“Oh for Vulcan’s sake, you mean I have to learn ANOTHER proprietary language?” I hear you ask. For Varnish engineers, this question was given deep consideration, and they concluded that yes, yes we need this language. And engineers from Pinterest and Tesla agreed.
Varnish is an open source HTTP accelerator for large web-based sites. “Put in front of application server, it is super simple, therefore it is also 200 to 1000 times faster. So every time you move data from caching layer to application server, Varnish will supply the data in 30-40 microseconds as opposed to typical cache which is 10 to 20 milliseconds,” said Per Buer, founder and chief technology officer of Varnish Software, speaking at the Varnish Summit in San Francisco earlier this year.
Later that day, Reza Naghibi, senior software engineer at Varnish Software, explained why they decided to create a Domain Specific Language (DSL), and why you should care. “We’re giving you all the power to define your own rules. VCL gives you total control,” he said.
Designed to be intuitive, The Varnish Configuration Language (VCL) is based on C and so it feels familiar to most developers, Naghibi explained. They kept the syntax very basic, straightforward. He called VCL a fail safe with a very strict rule set. It does not cache anything unless all of the rules for caching have been met.
In addition, VCL is not interpretive — no if statements, no loops. The functionality is grouped in subroutines that does not allow for arguments nor return values. Data is exchanged only through HTTP headers, and VCL has the power to manipulate HTTP headers, including the power to override TTLs, strip cookies and re-write URLs. A key differentiator, Naghibi said, is the ability to update VCL during runtime. You can change VCLs and state effect without a server restart.
If you “can’t” do it in VCL, there are workarounds to enable the functionality, he said, but the language itself is kept very simple. Multiple VCLs can be run concurrently and the switch between them is instantaneous and seamless.
VCL does more than cache, said Naghibi.
One company that has already made extensive use of VCL is Pinterest. Jenifer Zinner, Pinterest traffic and site reliability engineer spoke at the Summit about the specifics of how Pinterest created a Content Delivery Network (CDN) that leverages Varnish functionality, especially VCL, and had many useful tips on upgrading to the latest Varnish version. You can watch her full speech here.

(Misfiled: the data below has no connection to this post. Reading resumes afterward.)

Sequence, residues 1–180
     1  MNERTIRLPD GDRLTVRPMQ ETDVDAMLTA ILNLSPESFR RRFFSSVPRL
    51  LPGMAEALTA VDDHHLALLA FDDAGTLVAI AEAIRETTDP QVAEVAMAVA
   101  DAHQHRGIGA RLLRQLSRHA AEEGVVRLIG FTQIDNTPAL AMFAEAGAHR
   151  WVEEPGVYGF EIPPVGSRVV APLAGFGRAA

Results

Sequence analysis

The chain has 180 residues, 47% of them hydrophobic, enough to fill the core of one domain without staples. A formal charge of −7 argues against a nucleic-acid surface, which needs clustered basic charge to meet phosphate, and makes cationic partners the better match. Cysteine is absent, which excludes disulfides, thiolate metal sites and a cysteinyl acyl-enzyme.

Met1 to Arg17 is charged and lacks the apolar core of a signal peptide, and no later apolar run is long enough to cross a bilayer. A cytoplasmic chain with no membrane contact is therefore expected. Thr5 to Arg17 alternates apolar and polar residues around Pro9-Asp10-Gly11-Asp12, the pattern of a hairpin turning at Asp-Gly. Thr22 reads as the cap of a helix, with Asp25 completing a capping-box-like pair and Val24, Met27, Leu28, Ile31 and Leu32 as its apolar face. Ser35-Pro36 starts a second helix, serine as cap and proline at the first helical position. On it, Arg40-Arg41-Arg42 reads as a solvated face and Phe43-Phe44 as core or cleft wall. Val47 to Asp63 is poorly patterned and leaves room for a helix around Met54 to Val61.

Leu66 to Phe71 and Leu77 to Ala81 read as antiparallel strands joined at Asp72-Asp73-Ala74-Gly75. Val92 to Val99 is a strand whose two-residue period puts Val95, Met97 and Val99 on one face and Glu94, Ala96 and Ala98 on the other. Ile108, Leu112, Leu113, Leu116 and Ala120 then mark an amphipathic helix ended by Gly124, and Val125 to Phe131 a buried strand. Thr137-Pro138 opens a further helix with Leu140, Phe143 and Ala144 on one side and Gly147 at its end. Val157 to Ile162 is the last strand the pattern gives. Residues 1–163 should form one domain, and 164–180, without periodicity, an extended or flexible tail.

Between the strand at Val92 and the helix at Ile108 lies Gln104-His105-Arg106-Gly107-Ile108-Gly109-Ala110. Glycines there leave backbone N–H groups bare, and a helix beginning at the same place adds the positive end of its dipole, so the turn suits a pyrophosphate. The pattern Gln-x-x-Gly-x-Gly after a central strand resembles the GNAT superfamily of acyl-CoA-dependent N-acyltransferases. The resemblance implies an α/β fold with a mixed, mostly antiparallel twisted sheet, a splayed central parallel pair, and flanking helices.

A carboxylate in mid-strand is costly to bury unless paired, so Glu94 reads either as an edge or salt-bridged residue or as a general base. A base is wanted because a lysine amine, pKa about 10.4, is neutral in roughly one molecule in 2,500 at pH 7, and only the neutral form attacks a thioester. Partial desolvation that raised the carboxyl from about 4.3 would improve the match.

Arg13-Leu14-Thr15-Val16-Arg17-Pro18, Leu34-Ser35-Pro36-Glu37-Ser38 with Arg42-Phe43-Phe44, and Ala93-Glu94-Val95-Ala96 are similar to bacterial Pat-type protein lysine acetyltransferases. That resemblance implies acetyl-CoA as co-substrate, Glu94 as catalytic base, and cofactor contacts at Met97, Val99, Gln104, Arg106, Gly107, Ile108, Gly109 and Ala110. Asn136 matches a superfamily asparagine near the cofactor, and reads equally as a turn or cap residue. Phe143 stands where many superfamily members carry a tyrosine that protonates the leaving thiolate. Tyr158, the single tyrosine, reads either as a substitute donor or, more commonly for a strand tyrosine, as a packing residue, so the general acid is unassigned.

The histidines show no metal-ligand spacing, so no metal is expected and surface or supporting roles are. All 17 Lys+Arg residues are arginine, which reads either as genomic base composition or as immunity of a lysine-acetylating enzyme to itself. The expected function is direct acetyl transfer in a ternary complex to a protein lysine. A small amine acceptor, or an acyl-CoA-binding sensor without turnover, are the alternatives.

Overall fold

Pinterest is a visual bookmarking tool that allows you to bookmark or “Pin” a link, said Zinner. When Pins are saved, they are collected into Boards.
Don’t be fooled by the homespun nature of the site; Pinterest is working at massive scale, with 100 million active users, 50+ billion pins across 1 billion boards every month. The service processes 180,000 requests per second through the Varnish CDN mostly non-cache hits, representing over 10 million unique user actions per minute.
Pinterest runs Varnish over Amazon Web Service (AWS) and are getting great results, Zinner said. That they started using AWS in 2010 and since then Zinner said AWS “has evolved under us” so they are now moving to use Amazon’s Virtual Private Cloud (VPC).
The company’s primary concern when designing in the cloud is resiliency. The company relies on the auto scaling and configuration management functionality provided by Varnish and controlled by VCL. Auto scaling automatically adds removes instances from a managed group based on the load.
The Pinterest cloud actively scales primary application tier based on user traffic, and there are over 60 auto-scaling events across the application tier per day, all done automatically through VCL programming. As a correlation, Zinner said, the ops team creates 60 unique VCL configurations every day.
Because auto-scaling generates about 12,000 server turnovers per month, she explained that the service’s traffic may soon exceed the kernel’s total TCP socket allocation with just probes for back end servers. Pinterest has found the load balancer, integration point, fixing unstable backend features of VCL to be invaluable.
With these numbers, reliability is critical. “Monthly uptime has been amazing,” said Zinner.
The service also uses VCL’s HTTP accelerator ability to work with HTTP headers, and have found the TCP kernel tuning to be “awesome” she said.
In an earlier talk at the summit, Tesla web platform architect Rajasekar Jegannathan explained how he created Tesla’s private CDN. he enthused about VCL’s capabilities and how the language gives Tesla the control necessary to manage its global network. “I love VCL,” he said.
Do you need to learn yet another DSL? You might want to if it can do all this.
The New Stack is a wholly owned subsidiary of Insight Partners. TNS owner Insight Partners is an investor in the following companies: MADE, Invaluable.